SCOTTISH Labour have been accused of an “inexcusable” attempt “to shut the door to public scrutiny” amid a row over the handling of a council meeting in Edinburgh.

On Thursday, councillors in Scotland’s capital gathered for a meeting of the Transport and Environment Committee, which should have been broadcast in full online.

However, Scott Arthur, the committee’s convener, switched off the live stream of the meeting after he was challenged by a Green councillor on why two emergency motions were to be excluded from the agenda.

Councillor Claire Miller and SNP colleagues were looking to bring forward emergency motions on “unsafe” and “illegal” driver behaviour at a Leith Walk junction in Edinburgh.

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The broadcast of the meeting shows Miller arguing that her motion is “competent, relevant, and urgent”. Arthur says the motion is not urgent, adding: “This is not a debate.”

Miller says she has not had a chance to explain her position, before Arthur orders the webcast to be cut off while she is speaking.

The Green councillor accused her Labour counterpart of laughing at her and “belittling me in a public meeting”, and said she'd be asking for a public apology.

The committee broadcast cut out for around 10 minutes, before returning to see Arthur apologise for having switched it off. He admitted he was “incorrect” to do so without asking for the committee’s approval.

The National:

Adam McVey (above), the SNP group leader and former head of Edinburgh council, said that the “quite unbelievable scenes” had “literally never happened before in our council”.

“Labour setting a new low for Edinburgh. Arrogant. Undemocratic. Shameful,” he added.

McVey later told The National: “We’ve now heard the full account from those who were in the committee and I’m afraid it raises even more questions about Scott Arthur’s conduct.

“Not only did Labour decide they weren’t interested in hearing the issue debated but the conduct appears to have been incredibly rude, arrogant, and not in the spirit of how we should do politics.

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“Scott Arthur has already given a half apology to the councillor, another in a long line [from Scottish Labour councillors].

“Shutting the public out of our democratic process feels like another new low for Labour.”

Local democracy reporter Donald Turvill quoted Arthur as saying he had paused the broadcast because he “was concerned about the reputation of the council”.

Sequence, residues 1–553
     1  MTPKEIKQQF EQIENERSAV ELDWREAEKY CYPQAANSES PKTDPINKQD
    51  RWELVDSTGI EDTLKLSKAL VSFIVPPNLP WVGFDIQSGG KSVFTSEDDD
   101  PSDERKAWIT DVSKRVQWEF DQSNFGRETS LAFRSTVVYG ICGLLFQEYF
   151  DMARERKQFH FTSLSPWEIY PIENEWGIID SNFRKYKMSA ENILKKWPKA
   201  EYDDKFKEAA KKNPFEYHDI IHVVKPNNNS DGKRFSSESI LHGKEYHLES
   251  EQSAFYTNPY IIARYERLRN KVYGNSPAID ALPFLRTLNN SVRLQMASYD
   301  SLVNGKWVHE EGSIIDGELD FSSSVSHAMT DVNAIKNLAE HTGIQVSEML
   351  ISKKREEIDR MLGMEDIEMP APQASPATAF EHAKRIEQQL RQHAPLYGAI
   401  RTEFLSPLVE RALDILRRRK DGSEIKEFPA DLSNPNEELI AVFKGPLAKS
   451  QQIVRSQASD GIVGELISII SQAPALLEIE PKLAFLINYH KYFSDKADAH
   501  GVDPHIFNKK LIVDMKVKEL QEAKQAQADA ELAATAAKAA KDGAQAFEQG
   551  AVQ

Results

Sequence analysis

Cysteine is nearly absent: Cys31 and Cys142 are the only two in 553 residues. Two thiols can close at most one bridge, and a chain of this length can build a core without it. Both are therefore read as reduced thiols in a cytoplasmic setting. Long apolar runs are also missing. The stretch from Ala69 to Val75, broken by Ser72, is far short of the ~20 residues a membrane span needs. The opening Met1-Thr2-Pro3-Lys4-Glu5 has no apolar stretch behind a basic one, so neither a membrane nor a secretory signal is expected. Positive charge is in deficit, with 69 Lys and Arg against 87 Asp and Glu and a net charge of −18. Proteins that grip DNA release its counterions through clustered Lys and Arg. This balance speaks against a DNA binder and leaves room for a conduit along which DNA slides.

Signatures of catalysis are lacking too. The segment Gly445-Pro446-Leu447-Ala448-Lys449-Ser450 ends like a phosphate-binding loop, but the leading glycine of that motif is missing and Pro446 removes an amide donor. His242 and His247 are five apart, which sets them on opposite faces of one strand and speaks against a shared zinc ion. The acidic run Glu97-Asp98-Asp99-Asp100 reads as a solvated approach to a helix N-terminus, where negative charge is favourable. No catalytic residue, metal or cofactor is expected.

The Labour convener said he was “not aware” that he needed the approval of the committee to shut off the live broadcast. LibDem group leader Kevin Lang called out the move at the time, saying it meant the committee was “effectively … sitting in a private session”.

Addressing the controversy, Green councillor Miller wrote on Twitter that she would be seeking a public apology from Arthur over his behaviour.

She said: “I'm very sorry that the emergency motion which I hoped to table about the unsafe driver behaviour at Brunswick Road/Leith Walk was not deemed to be urgent by our committee yesterday.

“I was not allowed to explain to the convener and the committee why it was urgent. He laughed at my request to speak to explain the urgency, belittling me in a public meeting before turning off the webcast, against our procedures.

“With the webcast off, and effectively therefore no longer in a public meeting, I tried to challenge his decision to take us into private session but was unsuccessful until Councillor Lang stepped in and backed me up while others nodded and agreed.

“Councillors in the room from every political group have all approached me outside the meeting to offer sympathy and express support for me after the treatment I received. The convenor has privately apologised to me, and I have accepted his apology, but since it was a public meeting I am going to write to him seeking a more appropriate apology.”

Arthur has said – on Twitter and at the committee meeting – that the issue raised by Miller of illegal driver behaviour would be addressed at the “All Party Oversight Group" (APOG) meeting scheduled for November 8.

However, Miller said that the APOG meeting was “sadly” not public and that she knows “other councillors who also share my sense of urgency” of the issue.

Arthur has maintained that the motion was not urgent and so not suitable to be heard at the meeting. He also said he had already asked that the motion be acted upon and for police to attend Tuesday’s APOG.

Labour took control of Edinburgh Council following the local elections in May 2022 thanks to support from the Tories and LibDems groups.

The party controls the Scottish capital despite having won just 13 seats out of 63, and suspended two of its own councillors after they refused to vote with the Tories to take power

Scottish Labour were approached for comment.